Many people have something to say, but they lack the time or the skill to say it.  Oftentimes the solution to this problem is a ghostwriter.  For years, movie stars, professional athletes and other celebrities have used ghostwriters to tell their stories.  However, ghostwriters are not just for the rich and famous.  Business consultants, motivational speakers, college professors and other lesser known individuals also use ghostwriters to help them communicate their messages and enhance their reputations.

The relationships between ghostwriters and the "authors" for whom they write are as varied as marriages - some are ideal matches, some are matches of convenience, and some probably should never have occurred.  The following is a list of issues to be considered by ghostwriters and authors before entering into a relationship:


One of the biggest problems that often faces a ghostwriter is obtaining access to and cooperation by the person commissioning the work.  The ghostwriter(s task will obviously be much more difficult if he or she has to conduct substantial research, organize or verify large amounts of information, or struggle to get sufficient interview time with the author.  Problems can also arise if the author has a right of approval over the ghostwriter(s work.  This is particularly true if the work is an autobiography.  The author may wish to deviate from reality in depicting certain events in his or her life, while the ghostwriter may feel obligated to report these events as they actually occurred. 


The author and the ghostwriter may agree to treat the work as a joint work, or the author may require the ghostwriter to assign all of his or her rights in the work to the author.  In the former situation, the author and the ghostwriter will be equal co-owners of the copyright in the work, and, unless they agree otherwise, both will have to consent to all publications and other uses of the work.  In the latter situation, the author will be the sole owner of the copyright in the work, and the ghostwriter will not have any control over the use of the work, or any modifications to the work.  If the author requires an assignment of copyright from the ghostwriter, the ghostwriter may decide not to be credited, since he or she will not have any say over the final form of the work.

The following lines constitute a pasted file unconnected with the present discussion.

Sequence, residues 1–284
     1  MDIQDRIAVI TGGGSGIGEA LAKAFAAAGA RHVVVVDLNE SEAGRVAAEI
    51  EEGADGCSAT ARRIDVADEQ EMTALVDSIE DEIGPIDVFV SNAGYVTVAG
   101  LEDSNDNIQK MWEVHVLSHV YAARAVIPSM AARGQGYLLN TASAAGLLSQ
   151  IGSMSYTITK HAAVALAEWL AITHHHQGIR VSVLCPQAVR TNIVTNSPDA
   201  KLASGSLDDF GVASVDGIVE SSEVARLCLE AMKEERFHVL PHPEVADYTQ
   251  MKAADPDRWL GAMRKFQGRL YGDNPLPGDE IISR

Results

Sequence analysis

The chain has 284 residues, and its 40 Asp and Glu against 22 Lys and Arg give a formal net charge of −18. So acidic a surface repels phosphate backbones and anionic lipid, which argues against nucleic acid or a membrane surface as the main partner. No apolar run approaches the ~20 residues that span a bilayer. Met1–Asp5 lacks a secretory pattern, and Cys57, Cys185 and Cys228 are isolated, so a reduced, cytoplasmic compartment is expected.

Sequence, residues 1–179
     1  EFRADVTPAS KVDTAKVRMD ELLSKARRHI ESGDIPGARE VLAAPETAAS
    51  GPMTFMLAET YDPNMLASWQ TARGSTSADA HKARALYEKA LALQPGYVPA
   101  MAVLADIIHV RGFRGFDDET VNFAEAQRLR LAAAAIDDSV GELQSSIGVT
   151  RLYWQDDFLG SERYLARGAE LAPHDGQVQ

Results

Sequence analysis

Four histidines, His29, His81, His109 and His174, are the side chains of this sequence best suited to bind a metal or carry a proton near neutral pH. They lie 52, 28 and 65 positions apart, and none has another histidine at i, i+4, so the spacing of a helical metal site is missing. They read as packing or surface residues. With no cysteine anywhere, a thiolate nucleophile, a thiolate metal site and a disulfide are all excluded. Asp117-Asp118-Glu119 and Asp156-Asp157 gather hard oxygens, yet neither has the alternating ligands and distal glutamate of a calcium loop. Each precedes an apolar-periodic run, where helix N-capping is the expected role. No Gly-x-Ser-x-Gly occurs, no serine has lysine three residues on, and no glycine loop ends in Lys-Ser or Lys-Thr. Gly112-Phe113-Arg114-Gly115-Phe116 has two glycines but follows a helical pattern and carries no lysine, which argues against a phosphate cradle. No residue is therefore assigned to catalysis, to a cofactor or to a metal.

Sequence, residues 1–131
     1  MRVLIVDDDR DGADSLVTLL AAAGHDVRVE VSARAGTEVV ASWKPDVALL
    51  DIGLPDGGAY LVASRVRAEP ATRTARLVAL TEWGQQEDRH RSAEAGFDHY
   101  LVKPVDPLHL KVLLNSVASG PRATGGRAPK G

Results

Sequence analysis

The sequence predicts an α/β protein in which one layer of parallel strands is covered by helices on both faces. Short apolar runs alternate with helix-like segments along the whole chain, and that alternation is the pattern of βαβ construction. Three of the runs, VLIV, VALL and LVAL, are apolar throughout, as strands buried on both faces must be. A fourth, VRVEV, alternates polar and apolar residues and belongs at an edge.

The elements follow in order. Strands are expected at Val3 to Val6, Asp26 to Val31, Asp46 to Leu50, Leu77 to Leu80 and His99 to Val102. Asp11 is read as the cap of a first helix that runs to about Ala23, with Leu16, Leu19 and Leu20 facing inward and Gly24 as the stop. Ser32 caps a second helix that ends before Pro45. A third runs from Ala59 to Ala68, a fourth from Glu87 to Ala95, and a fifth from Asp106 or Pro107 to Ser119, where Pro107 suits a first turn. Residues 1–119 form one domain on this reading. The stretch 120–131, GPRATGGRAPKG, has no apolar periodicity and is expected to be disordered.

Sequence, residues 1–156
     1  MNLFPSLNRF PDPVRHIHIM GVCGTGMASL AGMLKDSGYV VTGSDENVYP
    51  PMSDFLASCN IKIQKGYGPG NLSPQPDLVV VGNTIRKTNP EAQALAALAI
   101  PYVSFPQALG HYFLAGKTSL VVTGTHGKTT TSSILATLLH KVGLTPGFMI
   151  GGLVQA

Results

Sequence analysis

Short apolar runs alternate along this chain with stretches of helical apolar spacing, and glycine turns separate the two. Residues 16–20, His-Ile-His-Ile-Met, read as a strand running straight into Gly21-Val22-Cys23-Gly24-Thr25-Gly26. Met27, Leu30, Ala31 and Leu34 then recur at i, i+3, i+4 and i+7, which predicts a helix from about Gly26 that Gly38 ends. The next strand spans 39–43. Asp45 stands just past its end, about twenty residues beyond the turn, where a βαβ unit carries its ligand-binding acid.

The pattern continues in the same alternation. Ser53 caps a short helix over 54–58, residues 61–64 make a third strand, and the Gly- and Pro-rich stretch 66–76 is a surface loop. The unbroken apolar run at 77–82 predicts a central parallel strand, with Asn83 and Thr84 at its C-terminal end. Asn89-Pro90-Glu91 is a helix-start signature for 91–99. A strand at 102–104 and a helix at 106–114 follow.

The ghostwriter may receive payment in the form of a one-time flat fee, a share of royalties, or some combination of the two.  In addition, the ghostwriter may be entitled to some portion of the author(s proceeds if the book is licensed for other uses, such as a movie, television show or stage play.  If the ghostwriter(s compensation is to be based solely on royalties from publication, the ghostwriter may want a guaranteed payment in the event the work cannot be completed or published due to delays or other problems caused by the author.


A ghostwriter of a celebrity biography or similar work will often receive credit in the form of (with( or (as told to.(  However, ghostwriters of other types of books, such as books by business consultants or seminar presenters, usually will not be credited, since one of the purposes of creating such a book is to gain attention and publicity for the author as an accomplished expert in his or her field. 

Ghostwriting can provide a valuable service to a would-be author, and a lucrative source of income for a writer.  However, before beginning a project, the author and the ghostwriter should make sure that they share the same vision and expectations for the project.  Once this has been established, they should enter into an agreement to serve as a road map for their relationship.